SAOCOM is an international mission to image the Home Planet with powerful, L-band (1.275 GHz) SAR. The program folds into the joint Italian-Argentine Sistema Italo Argentino de Satélites para la Gestión de Emergencias (SIASGE) emergency management network, which also involves collaboration with NASA and the European, Italian and Canadian space agencies. SIASGE system will comprise at least ten satellites, with four Italian-built birds—the COSMO-SkyMed X-band SAR imaging platforms—already lofted aboard Delta II boosters from Vandenberg between June 2007 and November 2010. It is anticipated that, after SAOCOM-1A and 1B, two COSMO-SkyMed Second-Generation (CSG) satellites will be launched to join the SIASGE constellation later this decade, followed by a further pair of Argentine satellites (SAOCOMs 2A and 2B) in the early-mid 2020s. Operating alongside the already-in-orbit COSMO-SkyMed quartet, SAOCOM-1A will permit a twice-daily coverage capability, generating SAR products in both X-band and L-band for customers.

SAOCOM-1A’s giant Synthetic Aperture Radar (SAR), pictured during deployment testing in Argentina. Photo Credit: CoNAE

Each high-capacity SAOCOM satellite weighs around 3,500 pounds (1,600 kg)—the largest of their kind ever built in the Southern Hemisphere—and is dominated by the large L-band (1.275 GHz) full polarimetric radar antenna. This steerable, seven-paneled unit, which measures 33 feet (10 meters) in length and some 11.5 feet (3.5 meters) wide, will emit high-powered microwave pulses to conduct all-weather observations of the Home Planet, as part of efforts to mitigate the effects of natural disasters.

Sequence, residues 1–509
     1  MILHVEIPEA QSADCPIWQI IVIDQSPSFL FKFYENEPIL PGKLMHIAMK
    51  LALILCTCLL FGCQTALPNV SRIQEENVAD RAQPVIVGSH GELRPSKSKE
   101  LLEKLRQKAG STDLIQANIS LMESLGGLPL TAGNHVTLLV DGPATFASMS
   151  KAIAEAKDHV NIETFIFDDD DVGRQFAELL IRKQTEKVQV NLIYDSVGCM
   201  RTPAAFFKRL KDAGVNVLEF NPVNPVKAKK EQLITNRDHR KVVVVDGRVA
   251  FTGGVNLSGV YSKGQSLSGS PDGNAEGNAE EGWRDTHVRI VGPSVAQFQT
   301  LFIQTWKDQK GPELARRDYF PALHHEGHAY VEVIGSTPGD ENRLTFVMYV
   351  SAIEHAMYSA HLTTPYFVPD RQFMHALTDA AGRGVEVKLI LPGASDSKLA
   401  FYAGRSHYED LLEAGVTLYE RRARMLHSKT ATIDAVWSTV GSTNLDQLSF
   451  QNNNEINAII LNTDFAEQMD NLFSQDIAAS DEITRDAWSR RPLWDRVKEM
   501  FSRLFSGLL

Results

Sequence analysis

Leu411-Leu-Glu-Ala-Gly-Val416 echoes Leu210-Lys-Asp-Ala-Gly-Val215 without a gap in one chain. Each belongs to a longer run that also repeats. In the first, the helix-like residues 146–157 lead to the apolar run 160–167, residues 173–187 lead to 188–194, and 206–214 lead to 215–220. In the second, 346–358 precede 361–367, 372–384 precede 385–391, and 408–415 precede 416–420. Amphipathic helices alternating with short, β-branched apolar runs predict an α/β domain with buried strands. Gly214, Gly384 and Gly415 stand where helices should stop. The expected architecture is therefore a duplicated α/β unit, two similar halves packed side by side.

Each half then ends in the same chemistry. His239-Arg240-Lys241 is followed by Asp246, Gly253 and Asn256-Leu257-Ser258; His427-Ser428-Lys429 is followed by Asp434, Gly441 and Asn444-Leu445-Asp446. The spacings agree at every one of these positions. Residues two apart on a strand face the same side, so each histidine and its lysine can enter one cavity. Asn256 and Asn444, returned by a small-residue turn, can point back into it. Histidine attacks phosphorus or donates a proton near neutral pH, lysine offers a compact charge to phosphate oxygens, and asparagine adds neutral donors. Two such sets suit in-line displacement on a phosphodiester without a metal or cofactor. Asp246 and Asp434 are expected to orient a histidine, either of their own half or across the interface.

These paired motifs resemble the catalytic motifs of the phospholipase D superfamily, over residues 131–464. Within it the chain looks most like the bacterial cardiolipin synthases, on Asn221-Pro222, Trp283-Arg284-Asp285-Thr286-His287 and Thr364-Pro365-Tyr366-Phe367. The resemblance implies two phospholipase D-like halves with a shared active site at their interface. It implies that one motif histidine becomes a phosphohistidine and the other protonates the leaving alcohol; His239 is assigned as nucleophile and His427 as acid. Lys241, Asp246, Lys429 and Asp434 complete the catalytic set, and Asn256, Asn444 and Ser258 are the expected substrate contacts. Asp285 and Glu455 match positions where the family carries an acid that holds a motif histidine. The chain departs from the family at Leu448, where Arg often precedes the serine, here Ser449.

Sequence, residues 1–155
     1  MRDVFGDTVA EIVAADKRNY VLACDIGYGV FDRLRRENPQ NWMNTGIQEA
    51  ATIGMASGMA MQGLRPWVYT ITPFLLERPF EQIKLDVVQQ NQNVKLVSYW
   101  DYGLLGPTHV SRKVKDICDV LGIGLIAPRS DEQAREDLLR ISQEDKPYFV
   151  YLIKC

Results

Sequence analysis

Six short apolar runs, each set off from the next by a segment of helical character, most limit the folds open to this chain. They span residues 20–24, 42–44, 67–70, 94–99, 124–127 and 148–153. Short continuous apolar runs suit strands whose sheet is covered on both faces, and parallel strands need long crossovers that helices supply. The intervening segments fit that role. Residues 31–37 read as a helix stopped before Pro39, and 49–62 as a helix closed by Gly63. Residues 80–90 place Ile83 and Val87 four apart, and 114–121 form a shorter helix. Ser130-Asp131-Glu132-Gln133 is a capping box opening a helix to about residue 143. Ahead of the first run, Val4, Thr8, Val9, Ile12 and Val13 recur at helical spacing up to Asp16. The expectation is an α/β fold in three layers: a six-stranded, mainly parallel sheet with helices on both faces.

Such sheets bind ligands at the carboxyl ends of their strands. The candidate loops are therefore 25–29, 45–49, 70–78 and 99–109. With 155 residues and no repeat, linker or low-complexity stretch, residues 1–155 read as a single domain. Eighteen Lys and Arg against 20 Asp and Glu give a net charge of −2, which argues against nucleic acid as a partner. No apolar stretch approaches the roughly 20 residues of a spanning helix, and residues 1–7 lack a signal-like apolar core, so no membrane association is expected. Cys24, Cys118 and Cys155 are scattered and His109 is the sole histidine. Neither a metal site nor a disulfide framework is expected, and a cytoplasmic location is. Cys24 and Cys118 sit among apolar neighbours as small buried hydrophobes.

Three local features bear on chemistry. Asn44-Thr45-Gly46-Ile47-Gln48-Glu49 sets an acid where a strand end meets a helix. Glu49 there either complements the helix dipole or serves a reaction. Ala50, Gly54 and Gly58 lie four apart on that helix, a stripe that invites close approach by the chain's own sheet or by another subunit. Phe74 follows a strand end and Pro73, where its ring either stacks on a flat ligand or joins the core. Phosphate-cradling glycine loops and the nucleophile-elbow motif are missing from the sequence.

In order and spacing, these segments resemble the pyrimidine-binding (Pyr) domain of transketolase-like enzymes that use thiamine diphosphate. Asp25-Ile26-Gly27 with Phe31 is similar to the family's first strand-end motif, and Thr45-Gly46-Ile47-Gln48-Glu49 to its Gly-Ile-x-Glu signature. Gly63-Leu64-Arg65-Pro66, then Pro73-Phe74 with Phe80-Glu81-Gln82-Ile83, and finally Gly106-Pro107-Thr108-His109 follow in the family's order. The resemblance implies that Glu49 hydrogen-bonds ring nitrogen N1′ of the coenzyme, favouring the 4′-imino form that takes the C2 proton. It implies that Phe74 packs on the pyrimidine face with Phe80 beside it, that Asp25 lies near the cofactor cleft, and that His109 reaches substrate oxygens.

The SAOCOM twins will be able to detect objects larger than about 23 feet (7 meters) across, with a “swath” range of 30-250 miles (50-400 km), and their infrared cameras will scrutinize the landscape “to prevent fire in deserted areas”. Data-storage will be achieved through SAOCOM-1A’s high-capacity solid-state recorder, capable of handling 50-100 Gbits, and a high-bitrate downlink system, which comprises two 155 Mbit/sec X-band channels. A large solar array provides 2.5 kilowatts of electrical power. The main ground station at Falda del Carmen in Argentina’s central Province of Córdoba will be responsible for tracking, telemetry and control of SAOCOM-1A and for the principal downloading of its L-band SAR data. Providing additional support, via the SIASGE program, will be Telespazio’s Matera ground station in southern Italy.